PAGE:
The World Is Watching the Congressional Hearings on Coach Abuse With the Olympic Sports Chiefs. I’m Watching the Watchers.

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May 24, 2018

by Irvin Muchnick


The Congressional hearings in which the U.S. Olympic Committee and its satellite national sport governing bodies are being asked what they’re doing about sexual abuse is a welcome development, to be sure. The unfortunate part is that the voices that most need to be heard won’t be at the microphones. They’ll be in the spectators’ galleries.

I have numerous friends in the community of whistleblowers who have gone to the trouble of traveling to Washington to witness this spectacle first hand. The words of one of them struck me: “I I took a redeye flight so that I could look at Tim Hinchey [CEO of USA Swimming] in the eyes. I wanted to make sure that if he and others lie to Congress, they’ll have to do it with me sitting in the room.”

Sarah Ehekircher is there. After the USA Gymnastics scandal with molester doctor Larry Nassar unraveled, Ehekircher finally started getting some traction with her story of grooming and abuse by her youth coach, Scott MacFarland, and the cover-up of his misconduct that extended into and beyond the heavily hyped 2010 start-up of swimming’s “safe sport” regime. She is there to remind everyone that ending the culture and enabling of abuse is not a job for a jerry-rigged human resources department whose main concern is to prevent “bringing disrepute to the Corporation.” Also: Famous Olympians are a tiny tiny fraction of the population of youth sports program coach abuse victims.

Chris DeSantis is there. A good-guy coach and blogger, DeSantis was one of the first to give Sarah Ehekircher a forum, and he is fighting on multiple fronts: getting the new U.S. Center for SafeSport to investigate the historical crimes of legends like Paul Bergen, and exposing the money-first, kids-last creed of figures like Mark Schubert, the disgraced former Olympic coach who has risen again, phoenix-like; and John Leonard, the sex-harassing chickenhawk executive director of the global coaches’ visa troubleshooters, the American Swimming Coaches Association.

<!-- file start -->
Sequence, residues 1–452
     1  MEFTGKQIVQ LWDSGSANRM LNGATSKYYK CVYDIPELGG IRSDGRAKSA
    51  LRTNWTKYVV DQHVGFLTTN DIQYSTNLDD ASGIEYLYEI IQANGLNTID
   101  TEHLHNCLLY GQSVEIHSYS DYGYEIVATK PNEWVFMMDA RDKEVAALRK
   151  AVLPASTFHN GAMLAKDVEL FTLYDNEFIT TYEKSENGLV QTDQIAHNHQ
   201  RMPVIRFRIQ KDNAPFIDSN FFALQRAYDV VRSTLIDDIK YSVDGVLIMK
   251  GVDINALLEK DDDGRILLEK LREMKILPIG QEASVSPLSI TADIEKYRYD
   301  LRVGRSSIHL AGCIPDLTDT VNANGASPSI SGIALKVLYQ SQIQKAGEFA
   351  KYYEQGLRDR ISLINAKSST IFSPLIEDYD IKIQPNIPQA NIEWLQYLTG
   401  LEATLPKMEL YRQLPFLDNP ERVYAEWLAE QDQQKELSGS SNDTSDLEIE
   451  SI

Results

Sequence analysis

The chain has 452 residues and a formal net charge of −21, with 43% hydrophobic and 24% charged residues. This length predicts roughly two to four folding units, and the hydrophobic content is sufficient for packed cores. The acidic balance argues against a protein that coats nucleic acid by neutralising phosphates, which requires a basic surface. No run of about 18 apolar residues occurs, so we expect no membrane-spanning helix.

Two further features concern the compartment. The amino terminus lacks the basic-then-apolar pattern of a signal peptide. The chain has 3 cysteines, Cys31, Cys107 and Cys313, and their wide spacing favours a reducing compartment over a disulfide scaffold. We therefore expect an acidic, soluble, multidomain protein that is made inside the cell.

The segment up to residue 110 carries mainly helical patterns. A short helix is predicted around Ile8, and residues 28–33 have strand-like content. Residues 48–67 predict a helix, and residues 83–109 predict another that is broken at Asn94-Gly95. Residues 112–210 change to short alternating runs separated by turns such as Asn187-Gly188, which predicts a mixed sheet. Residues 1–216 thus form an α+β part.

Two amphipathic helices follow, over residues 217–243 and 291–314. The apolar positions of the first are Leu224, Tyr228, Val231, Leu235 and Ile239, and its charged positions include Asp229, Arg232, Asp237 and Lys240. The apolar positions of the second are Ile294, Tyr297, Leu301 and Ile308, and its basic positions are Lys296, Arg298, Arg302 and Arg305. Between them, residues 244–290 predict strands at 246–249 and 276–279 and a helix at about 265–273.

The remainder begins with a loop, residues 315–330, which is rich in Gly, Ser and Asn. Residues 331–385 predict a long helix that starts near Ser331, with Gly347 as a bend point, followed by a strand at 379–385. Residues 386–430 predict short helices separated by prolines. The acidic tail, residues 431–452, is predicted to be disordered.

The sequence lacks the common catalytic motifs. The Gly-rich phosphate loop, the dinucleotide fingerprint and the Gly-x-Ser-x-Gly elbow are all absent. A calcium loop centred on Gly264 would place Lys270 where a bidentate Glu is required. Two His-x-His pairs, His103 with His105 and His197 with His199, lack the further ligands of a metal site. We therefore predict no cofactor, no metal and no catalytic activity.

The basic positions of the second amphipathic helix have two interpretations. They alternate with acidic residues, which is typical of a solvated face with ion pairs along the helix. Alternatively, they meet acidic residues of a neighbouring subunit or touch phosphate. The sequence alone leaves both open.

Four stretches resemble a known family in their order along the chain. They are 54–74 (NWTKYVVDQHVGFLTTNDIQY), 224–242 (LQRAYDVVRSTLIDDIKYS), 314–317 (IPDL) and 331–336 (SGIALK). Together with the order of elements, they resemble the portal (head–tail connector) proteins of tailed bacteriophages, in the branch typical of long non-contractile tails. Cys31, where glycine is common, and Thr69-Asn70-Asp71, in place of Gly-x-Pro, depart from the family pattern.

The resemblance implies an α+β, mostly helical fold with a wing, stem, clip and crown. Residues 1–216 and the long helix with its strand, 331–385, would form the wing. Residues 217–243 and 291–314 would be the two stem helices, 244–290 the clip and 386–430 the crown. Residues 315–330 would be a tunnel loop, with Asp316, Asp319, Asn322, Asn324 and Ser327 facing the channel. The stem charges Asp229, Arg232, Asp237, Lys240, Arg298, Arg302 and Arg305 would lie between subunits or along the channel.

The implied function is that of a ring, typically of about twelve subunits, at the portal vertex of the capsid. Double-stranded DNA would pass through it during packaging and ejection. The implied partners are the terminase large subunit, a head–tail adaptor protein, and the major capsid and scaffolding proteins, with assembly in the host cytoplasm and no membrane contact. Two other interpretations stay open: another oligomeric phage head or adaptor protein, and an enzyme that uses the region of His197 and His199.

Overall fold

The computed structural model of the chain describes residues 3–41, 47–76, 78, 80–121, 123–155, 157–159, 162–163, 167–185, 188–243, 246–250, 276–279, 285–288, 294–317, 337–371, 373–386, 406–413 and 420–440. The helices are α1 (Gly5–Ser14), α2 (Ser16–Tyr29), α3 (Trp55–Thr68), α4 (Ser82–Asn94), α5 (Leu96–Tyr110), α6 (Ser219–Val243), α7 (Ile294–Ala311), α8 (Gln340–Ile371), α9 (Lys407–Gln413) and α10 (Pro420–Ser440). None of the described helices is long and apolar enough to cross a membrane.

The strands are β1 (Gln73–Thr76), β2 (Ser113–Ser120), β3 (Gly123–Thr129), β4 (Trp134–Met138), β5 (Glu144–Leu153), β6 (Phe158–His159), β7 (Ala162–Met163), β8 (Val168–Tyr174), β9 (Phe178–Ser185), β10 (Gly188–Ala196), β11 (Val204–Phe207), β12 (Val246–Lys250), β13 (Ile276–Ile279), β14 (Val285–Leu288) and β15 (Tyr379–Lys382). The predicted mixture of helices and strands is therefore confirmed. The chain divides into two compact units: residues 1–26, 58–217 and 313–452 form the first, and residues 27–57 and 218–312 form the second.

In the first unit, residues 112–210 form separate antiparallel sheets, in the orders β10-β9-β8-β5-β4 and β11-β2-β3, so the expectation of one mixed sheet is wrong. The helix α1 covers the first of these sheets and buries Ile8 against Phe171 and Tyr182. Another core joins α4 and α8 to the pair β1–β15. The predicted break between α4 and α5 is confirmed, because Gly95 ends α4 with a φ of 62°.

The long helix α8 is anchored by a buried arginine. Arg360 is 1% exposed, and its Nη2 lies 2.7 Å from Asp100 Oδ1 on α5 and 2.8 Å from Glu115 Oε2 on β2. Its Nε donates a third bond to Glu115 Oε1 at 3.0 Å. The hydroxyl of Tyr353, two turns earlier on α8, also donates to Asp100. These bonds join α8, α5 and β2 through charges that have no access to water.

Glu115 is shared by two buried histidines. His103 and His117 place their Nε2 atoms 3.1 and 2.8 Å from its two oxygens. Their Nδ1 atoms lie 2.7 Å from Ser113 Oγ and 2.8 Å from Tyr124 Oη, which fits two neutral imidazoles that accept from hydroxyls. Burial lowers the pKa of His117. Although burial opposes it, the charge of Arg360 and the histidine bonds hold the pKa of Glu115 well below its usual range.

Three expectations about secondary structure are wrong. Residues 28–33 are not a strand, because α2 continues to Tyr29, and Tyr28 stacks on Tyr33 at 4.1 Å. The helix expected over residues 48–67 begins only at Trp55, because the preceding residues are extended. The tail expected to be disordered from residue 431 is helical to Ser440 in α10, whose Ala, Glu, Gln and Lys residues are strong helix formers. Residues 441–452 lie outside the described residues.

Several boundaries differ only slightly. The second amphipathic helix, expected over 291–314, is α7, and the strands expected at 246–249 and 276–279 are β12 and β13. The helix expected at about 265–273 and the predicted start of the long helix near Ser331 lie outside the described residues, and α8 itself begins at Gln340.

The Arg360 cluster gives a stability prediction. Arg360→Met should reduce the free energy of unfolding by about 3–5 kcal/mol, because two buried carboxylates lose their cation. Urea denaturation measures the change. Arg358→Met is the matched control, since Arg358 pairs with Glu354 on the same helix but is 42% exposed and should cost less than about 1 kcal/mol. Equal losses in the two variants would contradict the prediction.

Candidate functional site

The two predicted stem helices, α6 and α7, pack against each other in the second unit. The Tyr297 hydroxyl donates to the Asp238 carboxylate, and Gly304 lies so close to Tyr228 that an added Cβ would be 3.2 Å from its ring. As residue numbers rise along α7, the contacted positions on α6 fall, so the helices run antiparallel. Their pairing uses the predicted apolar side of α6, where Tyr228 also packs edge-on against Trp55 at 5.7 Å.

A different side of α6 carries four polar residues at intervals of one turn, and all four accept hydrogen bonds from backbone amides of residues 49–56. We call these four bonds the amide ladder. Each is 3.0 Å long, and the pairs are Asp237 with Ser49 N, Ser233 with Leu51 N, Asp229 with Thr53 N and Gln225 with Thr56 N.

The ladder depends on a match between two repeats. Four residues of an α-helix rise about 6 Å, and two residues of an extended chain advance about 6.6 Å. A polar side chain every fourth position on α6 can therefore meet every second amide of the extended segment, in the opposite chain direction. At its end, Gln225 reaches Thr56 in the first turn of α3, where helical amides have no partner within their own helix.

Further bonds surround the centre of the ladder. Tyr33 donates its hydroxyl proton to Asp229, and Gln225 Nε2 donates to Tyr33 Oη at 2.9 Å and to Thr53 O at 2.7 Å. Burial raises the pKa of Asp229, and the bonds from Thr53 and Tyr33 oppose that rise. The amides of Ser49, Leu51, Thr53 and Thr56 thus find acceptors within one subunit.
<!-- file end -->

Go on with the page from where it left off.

Dia Rianda is there. She sued Mark Schubert for wrongful termination after witnessing the most horrible things under him at his Golden West club in California. Yesterday Rianda told me: “These men in leadership positions connected to all of this child sex abuse is no coincidence. It makes me sick and I can’t believe that they have done this to the sport of swimming and the children who believe in the Olympic dream. These powerful men are connected, and are connected to powerful individuals who will do their best to cover it up. They believe that they will be getting away with this again.”

So, tee it up, Tim Hinchey. And during hearing breaks, bone up on the lawsuit Ariana Kukors just filed about her grooming and abuse by Sean Hutchison. (See You know, the same guy your former “safe sport director,” Susan Woessner, “engaged in kissing” with “on a single occasion” prior to helming USA Swimming’s flop investigation of him in 2010-11. And while you’re explaining that to Congress, Mr. Hinchey, maybe you can use the occasion to announce that you are authorizing the U.S. Center for SafeSport to give Sarah Ehekircher the secret transcript of the failed USA Swimming National Board of Review hearing on Scott MacFarland.

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Concussion Inc. - Author Irvin Muchnick